It’s only 3.8km long, but it rarely dips below 10 per cent in gradient, reaching an eyewatering 21 per cent near the top and probably more than that in some of the corners on the climb.
With more than 3,700m of climbing on the stage, and temperatures expected to be in excess of 35 degrees Celsius, it’s sure to be a huge battle on the climb, with some big time gaps opening up.
“I know the climb personally and I went up it very recently,” Contador said on the second rest day. “The gaps will be far bigger. It’s going to be extremely hot and there’s more than 3,700 metres of vertical climbing. It’ll be one of the hardest days of the entire Vuelta.”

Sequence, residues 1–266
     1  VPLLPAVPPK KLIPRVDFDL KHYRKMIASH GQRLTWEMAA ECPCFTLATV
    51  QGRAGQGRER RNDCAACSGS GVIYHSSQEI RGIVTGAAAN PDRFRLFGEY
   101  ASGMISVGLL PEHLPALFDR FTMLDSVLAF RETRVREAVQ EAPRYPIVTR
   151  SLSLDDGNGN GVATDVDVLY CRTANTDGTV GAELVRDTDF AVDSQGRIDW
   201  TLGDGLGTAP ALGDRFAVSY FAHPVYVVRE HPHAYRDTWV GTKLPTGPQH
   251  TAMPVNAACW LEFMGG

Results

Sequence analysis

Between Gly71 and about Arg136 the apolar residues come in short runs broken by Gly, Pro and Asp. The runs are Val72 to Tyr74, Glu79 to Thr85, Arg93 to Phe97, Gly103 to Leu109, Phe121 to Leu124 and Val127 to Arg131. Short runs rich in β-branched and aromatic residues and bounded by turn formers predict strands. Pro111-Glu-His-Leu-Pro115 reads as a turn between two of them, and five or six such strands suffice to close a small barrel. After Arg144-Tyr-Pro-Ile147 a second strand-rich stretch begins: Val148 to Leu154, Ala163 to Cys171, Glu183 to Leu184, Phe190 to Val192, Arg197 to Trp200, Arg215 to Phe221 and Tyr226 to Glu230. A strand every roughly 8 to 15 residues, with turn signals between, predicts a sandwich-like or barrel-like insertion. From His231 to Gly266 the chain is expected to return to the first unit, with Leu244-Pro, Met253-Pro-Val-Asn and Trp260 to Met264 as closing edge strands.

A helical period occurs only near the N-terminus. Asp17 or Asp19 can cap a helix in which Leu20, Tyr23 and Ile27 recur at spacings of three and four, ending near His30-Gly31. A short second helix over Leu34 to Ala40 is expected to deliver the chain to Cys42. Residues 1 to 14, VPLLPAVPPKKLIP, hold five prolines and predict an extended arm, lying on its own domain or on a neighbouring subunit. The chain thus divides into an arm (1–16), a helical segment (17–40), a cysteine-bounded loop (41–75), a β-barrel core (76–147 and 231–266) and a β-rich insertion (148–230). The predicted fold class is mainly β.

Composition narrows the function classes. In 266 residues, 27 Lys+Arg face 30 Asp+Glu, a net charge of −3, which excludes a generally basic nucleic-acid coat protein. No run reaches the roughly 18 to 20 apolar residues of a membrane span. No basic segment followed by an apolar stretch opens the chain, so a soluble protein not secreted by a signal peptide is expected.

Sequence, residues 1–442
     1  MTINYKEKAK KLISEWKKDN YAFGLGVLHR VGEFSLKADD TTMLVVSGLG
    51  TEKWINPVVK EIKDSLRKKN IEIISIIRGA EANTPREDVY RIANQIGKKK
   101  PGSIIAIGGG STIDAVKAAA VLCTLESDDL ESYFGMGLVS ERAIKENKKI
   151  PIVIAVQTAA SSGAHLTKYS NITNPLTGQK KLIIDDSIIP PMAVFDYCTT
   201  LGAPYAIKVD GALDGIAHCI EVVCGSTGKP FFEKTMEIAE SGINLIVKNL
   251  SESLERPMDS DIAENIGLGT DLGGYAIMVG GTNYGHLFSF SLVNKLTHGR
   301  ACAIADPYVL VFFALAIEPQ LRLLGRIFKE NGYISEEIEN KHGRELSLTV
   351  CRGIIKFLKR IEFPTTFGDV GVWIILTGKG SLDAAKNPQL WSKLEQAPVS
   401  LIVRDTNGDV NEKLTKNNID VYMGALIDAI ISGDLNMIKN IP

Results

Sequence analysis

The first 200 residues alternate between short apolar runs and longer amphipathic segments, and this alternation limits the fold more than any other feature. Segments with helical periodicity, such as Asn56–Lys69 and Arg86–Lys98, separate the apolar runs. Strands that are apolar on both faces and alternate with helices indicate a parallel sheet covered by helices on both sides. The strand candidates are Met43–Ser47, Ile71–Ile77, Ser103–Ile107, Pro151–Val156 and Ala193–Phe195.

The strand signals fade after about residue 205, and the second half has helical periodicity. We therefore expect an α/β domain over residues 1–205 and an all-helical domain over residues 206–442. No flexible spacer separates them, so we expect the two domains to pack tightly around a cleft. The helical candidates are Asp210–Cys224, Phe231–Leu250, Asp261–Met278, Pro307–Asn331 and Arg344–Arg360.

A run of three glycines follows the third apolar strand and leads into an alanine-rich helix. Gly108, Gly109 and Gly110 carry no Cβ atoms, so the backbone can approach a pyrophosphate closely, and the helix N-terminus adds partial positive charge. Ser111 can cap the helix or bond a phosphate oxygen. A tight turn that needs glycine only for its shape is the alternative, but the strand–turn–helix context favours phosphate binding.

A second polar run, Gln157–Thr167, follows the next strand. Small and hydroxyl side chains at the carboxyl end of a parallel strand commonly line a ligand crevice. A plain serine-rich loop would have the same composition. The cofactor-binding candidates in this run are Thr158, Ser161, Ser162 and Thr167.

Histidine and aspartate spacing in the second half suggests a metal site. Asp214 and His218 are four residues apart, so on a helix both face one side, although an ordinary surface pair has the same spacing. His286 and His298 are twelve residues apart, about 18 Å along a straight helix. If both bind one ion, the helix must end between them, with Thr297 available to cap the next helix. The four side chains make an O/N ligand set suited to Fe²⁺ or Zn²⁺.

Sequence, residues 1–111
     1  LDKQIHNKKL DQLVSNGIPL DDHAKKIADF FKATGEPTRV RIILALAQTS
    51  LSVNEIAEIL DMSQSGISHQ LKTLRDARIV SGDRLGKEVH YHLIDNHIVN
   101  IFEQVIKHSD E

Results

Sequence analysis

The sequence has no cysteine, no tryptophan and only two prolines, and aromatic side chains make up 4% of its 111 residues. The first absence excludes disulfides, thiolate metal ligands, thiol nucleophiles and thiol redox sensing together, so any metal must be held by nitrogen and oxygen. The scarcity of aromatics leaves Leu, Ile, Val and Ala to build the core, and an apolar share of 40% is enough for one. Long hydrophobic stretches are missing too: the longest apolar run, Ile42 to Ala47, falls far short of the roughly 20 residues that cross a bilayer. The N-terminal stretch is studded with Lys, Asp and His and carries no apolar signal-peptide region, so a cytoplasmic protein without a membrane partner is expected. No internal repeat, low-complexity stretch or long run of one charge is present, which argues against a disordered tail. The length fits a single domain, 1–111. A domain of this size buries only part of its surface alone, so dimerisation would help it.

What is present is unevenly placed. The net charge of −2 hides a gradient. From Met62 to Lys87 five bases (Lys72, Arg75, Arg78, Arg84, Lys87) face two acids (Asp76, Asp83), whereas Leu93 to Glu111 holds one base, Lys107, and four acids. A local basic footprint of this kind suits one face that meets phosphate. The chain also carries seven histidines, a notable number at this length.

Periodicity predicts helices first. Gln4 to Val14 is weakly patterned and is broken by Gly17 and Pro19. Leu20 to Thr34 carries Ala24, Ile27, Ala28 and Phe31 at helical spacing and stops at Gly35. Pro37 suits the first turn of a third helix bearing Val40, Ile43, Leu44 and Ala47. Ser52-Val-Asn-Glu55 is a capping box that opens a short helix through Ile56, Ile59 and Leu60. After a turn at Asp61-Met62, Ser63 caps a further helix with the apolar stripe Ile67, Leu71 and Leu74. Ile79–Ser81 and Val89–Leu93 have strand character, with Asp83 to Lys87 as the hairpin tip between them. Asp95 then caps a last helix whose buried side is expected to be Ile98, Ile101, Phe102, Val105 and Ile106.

Even by just watching these on-bike two videos by BMC coach Marco Pinotti the climb looks vomit inducing, with even the former pro forced to grind away out of the saddle on the steep gradients.
Not only is it steep, but the road surface looks pretty poor – a ‘goat track’ as Eurosport’s Juan Antonio Flecha would describe it. The road will probably be swept before the riders go up it, but a slip on some of the gravel could prove costly.